Headwear was a hood-shaped fur cap, made of one central and two side parts. It was edged with fabric or fur, and the seam was piped red.
Five-fingered gloves of rovduga were decorated with red and black straps of fabric, embroidered in red and white hair from a reindeer neck.
Festive clothes were decorated with many-colored furs, cloth edgings, and reindeer-hair embroidery, sometimes with beads, metal plates, and pendants. The most valuable were round silver plates worn by women—these were called “breast suns” and were handed down from mother to daughter. Men girdled their caftans with leather belts (yuo tege, with a tobacco pouch and a sheathed knife attached. Hunters wore a belt (kalbu) with a knife, tinderbox, and bags for gunpowder, dried meat, and tobacco. In winter they put on snow spectacles. Men also wore a plait, with a metal pendant or several strings of beads tied up to it; women wore several plaits with strings of beads or pearls and copper rings. Burial dress was a caftan with three fur tails, and kuratli, a pointed hat that imitated the pointed head of a mythical ancestor. In the 19th century, summer clothes made of fabric became popular: shirts and dresses with turn-down collar, similar to garments worn by Yakuts and Russians.
Shamans occupied a special place in the social structure of Yukagir society; they were patrons of the clan. Under the influence of Tunguses, special shaman clothing and accessories became part of Yukagir traditions.: tambourine (yalgil), beetle (peidube), caftan, breastplate, hat, footwear, and images of the shaman’s helper-spirits (eilyii). The strongest spirits were mammoth, bear, wolverine, and souls of the ancestors. The shaman’s caftan had a red pattern (drawn with ochre or alder sap), which divided the garment into two parts, the lighter right part with seven cross-like figures of birds, and the darker left one with seven man-like figures of ancestors. A rovduga strip in the center, embroidered in reindeer hair, symbolized the world tree. The shaman’s headwear followed Even tradition: a round cap of kamus, lighter on the right, darker on the left, topped by two cylinder-shaped “horns.”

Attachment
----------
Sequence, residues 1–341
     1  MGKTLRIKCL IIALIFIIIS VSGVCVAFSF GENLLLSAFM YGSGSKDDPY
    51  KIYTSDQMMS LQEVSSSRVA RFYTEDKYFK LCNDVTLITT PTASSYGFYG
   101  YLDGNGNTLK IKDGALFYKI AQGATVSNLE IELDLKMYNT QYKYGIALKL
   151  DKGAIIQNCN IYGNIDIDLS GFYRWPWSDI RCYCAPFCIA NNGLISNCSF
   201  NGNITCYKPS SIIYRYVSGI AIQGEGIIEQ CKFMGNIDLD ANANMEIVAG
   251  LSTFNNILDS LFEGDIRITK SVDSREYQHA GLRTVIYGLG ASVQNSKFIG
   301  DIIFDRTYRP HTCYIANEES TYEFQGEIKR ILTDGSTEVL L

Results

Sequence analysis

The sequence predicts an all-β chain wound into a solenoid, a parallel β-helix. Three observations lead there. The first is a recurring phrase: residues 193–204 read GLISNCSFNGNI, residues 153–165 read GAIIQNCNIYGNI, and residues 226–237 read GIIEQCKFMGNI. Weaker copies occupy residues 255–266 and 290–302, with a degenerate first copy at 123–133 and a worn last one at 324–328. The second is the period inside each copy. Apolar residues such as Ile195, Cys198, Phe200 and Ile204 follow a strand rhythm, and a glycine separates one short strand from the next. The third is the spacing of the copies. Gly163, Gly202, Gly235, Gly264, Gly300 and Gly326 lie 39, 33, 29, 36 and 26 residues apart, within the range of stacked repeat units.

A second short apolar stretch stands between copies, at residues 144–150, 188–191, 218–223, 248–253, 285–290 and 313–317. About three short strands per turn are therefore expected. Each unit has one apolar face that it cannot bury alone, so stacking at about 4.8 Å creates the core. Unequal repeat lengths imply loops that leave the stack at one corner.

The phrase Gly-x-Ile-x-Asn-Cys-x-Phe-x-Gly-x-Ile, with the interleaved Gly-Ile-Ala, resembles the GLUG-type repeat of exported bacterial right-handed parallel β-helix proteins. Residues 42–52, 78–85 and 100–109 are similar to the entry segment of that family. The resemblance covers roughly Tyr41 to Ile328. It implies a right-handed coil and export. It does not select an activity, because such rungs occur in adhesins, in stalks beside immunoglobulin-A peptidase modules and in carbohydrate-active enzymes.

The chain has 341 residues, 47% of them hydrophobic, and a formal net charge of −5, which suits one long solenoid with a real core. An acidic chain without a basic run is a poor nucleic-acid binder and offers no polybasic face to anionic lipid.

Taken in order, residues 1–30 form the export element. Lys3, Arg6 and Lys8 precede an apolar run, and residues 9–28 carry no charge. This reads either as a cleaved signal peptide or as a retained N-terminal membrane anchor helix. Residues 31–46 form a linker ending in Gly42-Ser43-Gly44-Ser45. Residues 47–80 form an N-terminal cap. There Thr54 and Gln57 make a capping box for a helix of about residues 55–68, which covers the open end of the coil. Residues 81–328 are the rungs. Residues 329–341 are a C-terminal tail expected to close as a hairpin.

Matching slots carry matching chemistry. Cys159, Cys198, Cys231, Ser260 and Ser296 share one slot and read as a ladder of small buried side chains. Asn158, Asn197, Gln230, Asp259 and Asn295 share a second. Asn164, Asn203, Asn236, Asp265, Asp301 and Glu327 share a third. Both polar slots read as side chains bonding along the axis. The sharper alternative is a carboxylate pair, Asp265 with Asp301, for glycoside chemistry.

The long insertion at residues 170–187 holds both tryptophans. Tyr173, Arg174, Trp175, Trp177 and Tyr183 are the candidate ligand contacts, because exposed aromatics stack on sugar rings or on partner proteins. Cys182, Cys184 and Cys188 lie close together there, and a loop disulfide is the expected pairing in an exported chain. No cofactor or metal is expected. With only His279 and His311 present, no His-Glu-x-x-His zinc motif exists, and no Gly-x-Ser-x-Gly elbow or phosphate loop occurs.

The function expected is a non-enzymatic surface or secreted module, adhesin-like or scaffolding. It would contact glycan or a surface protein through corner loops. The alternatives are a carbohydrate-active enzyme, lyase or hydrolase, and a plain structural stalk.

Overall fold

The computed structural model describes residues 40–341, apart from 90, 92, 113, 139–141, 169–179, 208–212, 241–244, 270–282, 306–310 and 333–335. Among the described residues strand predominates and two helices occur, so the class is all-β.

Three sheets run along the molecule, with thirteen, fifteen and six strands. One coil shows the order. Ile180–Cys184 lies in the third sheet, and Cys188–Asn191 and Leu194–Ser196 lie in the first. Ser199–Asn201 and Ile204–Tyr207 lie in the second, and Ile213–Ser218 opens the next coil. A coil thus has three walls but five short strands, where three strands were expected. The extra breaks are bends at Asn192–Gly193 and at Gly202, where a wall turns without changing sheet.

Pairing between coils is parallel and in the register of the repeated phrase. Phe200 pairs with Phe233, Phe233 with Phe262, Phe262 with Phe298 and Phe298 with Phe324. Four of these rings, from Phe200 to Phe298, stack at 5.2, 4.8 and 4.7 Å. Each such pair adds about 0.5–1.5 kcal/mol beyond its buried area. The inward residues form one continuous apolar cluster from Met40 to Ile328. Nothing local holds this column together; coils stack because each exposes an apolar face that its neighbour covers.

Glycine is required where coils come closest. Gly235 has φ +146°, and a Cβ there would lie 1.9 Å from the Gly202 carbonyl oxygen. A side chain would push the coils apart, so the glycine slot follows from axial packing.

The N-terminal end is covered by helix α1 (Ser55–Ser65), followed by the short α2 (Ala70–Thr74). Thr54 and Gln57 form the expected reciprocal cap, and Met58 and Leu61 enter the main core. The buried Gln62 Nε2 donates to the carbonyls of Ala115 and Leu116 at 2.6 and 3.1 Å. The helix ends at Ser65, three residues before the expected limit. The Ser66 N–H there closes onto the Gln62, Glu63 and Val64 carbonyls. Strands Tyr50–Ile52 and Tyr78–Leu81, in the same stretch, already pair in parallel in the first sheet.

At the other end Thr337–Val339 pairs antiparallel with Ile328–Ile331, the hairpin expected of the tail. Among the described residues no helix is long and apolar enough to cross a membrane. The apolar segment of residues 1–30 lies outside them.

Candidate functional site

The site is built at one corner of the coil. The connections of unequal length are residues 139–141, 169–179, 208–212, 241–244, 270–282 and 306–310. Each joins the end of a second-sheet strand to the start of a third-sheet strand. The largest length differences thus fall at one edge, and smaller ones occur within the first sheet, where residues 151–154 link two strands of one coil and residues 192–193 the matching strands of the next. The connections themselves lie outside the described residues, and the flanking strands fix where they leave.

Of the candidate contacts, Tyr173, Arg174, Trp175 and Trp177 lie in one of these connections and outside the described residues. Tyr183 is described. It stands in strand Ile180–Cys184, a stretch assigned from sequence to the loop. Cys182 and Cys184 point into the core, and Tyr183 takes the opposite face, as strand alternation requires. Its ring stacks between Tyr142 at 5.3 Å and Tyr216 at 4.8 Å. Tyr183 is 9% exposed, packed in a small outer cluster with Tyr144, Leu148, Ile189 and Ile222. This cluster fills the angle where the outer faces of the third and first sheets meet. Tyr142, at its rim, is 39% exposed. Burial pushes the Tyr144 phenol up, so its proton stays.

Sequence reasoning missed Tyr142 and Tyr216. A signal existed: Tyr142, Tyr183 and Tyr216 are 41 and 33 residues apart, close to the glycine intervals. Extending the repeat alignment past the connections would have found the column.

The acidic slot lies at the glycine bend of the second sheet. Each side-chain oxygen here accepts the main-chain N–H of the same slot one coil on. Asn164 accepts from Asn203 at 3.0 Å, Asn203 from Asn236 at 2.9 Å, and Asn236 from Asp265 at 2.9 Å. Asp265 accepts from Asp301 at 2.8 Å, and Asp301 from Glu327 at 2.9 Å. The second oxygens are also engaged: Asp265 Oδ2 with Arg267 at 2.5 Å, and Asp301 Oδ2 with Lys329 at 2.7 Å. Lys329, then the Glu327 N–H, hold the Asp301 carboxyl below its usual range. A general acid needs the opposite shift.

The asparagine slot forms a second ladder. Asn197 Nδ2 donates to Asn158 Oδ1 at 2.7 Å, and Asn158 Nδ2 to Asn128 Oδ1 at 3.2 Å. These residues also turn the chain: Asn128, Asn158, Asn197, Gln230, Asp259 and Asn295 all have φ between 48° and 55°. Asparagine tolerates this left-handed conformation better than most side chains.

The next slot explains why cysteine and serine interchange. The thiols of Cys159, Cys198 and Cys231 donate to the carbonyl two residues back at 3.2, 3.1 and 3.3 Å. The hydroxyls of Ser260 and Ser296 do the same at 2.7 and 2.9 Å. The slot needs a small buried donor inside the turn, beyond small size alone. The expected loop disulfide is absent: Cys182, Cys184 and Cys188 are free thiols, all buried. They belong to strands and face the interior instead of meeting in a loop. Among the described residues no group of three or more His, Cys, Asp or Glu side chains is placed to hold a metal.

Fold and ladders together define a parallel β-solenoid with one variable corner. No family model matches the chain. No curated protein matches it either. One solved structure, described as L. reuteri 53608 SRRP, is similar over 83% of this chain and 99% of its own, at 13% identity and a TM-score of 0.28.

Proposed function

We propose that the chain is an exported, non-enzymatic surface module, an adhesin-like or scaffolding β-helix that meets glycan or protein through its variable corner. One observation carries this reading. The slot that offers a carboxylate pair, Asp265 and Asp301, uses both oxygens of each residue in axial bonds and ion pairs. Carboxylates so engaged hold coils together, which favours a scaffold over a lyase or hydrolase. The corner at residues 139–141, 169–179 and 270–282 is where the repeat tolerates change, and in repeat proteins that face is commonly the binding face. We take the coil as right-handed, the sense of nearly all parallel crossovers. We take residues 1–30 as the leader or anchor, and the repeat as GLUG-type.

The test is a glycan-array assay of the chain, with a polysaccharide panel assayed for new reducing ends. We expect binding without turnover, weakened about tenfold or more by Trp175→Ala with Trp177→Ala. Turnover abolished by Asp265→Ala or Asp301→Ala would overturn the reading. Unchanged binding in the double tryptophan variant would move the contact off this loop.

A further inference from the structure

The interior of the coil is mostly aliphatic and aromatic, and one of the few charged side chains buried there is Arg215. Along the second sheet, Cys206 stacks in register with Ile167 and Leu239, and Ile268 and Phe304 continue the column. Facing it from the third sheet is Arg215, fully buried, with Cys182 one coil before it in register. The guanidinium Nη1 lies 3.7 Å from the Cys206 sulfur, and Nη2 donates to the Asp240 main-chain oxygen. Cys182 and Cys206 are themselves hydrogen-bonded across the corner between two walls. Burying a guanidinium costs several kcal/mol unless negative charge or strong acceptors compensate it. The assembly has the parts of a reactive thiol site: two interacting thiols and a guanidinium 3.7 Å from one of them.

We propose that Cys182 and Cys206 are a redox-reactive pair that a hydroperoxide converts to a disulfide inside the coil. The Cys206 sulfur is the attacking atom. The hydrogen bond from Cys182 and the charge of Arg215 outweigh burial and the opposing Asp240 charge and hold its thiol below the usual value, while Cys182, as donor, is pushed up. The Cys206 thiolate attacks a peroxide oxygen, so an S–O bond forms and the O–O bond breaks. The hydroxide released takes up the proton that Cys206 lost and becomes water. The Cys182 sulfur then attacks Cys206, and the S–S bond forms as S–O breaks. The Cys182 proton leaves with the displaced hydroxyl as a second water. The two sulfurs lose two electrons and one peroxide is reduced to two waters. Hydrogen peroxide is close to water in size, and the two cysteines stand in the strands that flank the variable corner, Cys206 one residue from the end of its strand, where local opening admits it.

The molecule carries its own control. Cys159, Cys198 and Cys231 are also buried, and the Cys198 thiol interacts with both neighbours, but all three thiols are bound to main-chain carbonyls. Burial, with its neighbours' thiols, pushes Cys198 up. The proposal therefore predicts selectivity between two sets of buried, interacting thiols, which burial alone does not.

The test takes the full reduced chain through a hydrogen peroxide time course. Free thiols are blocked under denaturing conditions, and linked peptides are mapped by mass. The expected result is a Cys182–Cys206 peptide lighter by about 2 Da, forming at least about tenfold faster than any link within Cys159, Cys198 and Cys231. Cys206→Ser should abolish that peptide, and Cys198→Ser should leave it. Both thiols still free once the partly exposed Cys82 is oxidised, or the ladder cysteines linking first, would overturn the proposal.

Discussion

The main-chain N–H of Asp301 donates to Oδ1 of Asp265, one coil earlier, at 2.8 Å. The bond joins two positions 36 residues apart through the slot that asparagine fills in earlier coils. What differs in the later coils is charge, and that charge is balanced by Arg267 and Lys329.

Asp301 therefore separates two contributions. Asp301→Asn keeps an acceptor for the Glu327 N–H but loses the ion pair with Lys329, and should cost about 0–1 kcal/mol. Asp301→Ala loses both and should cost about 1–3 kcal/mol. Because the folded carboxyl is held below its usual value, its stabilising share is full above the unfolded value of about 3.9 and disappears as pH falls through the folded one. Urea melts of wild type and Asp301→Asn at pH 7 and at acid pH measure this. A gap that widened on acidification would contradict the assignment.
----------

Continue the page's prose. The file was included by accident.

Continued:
National Yakut clothing consists of single-breasted kaftan (son), made of fur in winter, cow or horse skin in summer; wealthy people had cloth kaftans which were sewn from 4 gussets with additional gores at the waist and wide sleeves gathered at the shoulder; short leather pants (syaia), leather boots (sotoro), and fur socks (keenche). Cloth shirts with a turndown collar (yrbakhy) appeared later. Men wore simple belts, rich men wore belts with silver or copper buckles. Wedding fur coats for women (sangyiakh) reached their heels and widened at the bottom, with a yoke, set-in puff sleeves, and a fur shawl collar. The sides, hem, and sleeves were fringed with wide red or green fabric-lace strips. The fur coats were richly decorated with silver widgets, beads, and frills. They were much valued and passed on from generation to generation, esp. in toyon (clan head) families. Female wedding headdress (diabakka) was made of sable or beaver fur. It looked like a hood falling to the shoulders with a high top made of red or black cloth, velvet or brocade, thickly decorated with beads, lace, and buckles, and always with a large silver heart-shaped plate (tuosakhta) above the forehead. The oldest diabakka were decorated with bird feathers. Women also wore belts (kur), breast (ilin kebikher), back (kelin kebikher), neck (mooi simege) jewelry, earrings (ytarga), bracelets (begekh), braid pins (sukhuekh simege), silver, at times gold rings with engravings (bikhilekh).

Footwear: winter high boots made of deer or horse skin (fur side out) (eterbes), summer suede boots (saary) with fabric-covered legs, women had appliqué work on theirs.
Scrolls, palmettes, and meanders dominate their ornaments. Summer footwear was made of blackened leather or rovduga and it has a decorated upper part with thread and bead embroidery. The ornament comprised arch motif placed by tier in combination with stripes. Tops of winter kamus footwear were decorated with fur-tree patterns.
Yakuts in the past plentifully decorated with beads objects of horse gear (кычимы, чепраки) made of cloth and velvet. They applied traditional pattern, embroidered color beads from stamped metal circles and beads. As a rule they bordered circles with beads. The pattern made of circles and beads decorated also headdresses and footwear. And also belts were decorated with them.
The typical Yakut ornamental motifs lies primarily in the use of geometric, rectilinear and curvilinear patterns. The first is represented by zigzags, rhombs, triangles, angles, diagonal-crossed rectangles, and the second by spirals, horn-, heart-, bow-shaped, and lyre-like figures.

The most widespread seams are tambour and a slanting grid, colors - red, black, green, yellow, brown, dark blue. Headdresses were richly decorated with embroidery in particular: a eared cap with a sultan, maiden headdress of dense cloth with beaded embroidery and long silver pendants. The Yakut women till now use embroidered festive sleeveless jackets of silk, atlas, brocade etc., decorated with beads and a lace.